New Earths

24 September 2012

The search for planets around other stars has led to the discovery of over 800 extrasolar planets. Most of these are large, Jupiter type planets orbiting close to their star since those planets are easier to detect. Our techniques are getting better, however, and that means not only more planets discovered every year, but also smaller planets.

In the figure below I’ve plotted the masses of discovered planets vs the year of their discovery. I’ve only plotted planets that have around 10 earth masses or less, which are often called “super earths” because they are Earth-like (rocky) planets with a larger mass than Earth.

Known exoplanets by mass. Brian Koberlein
Known exoplanets by mass.

What is interesting about this graph is that the minimum mass planet of each year keeps getting smaller, to the point that we are now discovering planets almost as small as Earth. Within the next year or so we will start discovering planets of Earth mass or smaller, and eventually one of those planets will be in the habitable zone of its star. We will have discovered the first “new Earth.”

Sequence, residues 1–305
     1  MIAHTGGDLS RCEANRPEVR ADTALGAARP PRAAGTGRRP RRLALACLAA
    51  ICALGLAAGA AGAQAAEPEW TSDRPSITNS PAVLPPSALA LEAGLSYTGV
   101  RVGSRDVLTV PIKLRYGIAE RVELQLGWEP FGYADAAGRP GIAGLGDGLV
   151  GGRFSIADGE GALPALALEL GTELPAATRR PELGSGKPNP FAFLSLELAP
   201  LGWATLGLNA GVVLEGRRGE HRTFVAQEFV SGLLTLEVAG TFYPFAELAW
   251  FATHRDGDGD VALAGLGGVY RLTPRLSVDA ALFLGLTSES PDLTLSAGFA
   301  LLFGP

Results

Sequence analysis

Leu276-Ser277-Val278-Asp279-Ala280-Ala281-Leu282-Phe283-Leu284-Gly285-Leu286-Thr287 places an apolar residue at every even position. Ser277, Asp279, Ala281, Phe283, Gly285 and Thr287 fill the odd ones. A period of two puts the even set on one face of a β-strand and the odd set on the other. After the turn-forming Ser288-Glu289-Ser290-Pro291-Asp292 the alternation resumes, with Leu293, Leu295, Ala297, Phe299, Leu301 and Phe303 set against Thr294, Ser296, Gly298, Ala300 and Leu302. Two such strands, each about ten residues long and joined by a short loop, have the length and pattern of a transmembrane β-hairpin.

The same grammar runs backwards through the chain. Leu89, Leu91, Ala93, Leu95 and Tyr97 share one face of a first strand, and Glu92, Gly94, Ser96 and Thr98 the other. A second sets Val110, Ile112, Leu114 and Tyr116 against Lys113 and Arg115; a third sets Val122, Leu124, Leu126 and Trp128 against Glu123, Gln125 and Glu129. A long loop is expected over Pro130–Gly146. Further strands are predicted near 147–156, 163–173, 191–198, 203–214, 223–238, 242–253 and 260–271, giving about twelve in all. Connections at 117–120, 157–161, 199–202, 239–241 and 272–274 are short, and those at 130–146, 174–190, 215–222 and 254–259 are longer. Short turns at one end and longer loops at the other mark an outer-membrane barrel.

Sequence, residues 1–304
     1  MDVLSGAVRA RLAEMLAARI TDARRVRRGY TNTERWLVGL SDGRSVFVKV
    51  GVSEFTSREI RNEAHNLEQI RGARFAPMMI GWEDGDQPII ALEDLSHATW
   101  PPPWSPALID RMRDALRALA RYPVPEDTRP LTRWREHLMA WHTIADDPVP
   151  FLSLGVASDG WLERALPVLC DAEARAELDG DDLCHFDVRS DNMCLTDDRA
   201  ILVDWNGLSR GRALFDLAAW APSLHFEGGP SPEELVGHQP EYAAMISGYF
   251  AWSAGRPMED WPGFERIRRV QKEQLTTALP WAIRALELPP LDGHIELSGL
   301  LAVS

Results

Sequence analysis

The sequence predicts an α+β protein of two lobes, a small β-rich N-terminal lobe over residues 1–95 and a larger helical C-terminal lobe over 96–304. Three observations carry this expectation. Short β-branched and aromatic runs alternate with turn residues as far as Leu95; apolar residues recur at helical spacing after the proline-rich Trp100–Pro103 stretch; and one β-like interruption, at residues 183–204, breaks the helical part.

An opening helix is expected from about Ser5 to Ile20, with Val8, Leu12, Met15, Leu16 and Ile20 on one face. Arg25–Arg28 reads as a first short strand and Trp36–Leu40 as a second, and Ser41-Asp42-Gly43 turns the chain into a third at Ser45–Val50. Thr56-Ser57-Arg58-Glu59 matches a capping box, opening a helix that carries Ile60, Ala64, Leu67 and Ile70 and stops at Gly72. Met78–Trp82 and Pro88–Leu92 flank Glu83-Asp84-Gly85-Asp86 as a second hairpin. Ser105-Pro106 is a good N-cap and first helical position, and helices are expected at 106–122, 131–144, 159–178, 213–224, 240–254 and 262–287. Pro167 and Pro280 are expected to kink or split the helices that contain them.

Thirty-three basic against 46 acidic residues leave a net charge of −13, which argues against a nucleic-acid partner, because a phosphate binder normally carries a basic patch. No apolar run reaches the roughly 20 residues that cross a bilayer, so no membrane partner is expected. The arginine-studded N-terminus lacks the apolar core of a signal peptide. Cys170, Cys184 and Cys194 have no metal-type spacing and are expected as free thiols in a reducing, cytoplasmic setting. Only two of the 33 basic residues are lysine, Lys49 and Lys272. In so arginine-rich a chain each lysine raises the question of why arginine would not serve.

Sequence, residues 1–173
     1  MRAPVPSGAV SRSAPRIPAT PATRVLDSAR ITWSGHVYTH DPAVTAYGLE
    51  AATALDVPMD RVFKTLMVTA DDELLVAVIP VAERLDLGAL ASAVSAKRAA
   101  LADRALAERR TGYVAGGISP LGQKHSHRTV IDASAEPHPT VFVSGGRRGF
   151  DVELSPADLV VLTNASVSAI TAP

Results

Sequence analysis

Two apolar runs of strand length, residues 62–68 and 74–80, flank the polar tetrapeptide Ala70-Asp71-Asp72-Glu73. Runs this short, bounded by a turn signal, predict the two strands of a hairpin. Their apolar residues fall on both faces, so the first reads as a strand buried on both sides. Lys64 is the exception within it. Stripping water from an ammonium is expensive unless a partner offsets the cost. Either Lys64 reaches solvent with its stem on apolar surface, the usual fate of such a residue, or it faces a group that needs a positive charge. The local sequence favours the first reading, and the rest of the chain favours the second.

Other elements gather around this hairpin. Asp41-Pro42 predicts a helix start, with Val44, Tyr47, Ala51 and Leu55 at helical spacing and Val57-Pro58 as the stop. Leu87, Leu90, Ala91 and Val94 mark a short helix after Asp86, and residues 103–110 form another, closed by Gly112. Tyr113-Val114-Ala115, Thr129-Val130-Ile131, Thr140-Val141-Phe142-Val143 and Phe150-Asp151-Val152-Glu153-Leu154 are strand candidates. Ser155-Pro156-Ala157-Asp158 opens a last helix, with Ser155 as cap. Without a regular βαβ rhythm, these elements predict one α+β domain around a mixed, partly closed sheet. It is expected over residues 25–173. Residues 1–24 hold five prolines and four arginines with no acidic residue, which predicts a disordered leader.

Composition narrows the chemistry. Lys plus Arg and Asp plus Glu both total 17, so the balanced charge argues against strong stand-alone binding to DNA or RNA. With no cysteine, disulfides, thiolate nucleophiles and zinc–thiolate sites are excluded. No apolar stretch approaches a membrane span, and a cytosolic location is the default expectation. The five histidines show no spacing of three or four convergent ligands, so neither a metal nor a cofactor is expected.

Of course even when we discover an Earth mass planet with an Earth-like temperature, that doesn’t guarantee that it will have life. But what it will show is that planets like ours are not alone in the universe. Our pale blue dot will have sisters.

We’ve come a long way since the first extra-solar planet was discovered in 1995. Within a decade of that discovery we will likely identify dozens of earth-like worlds, which is nothing short of amazing.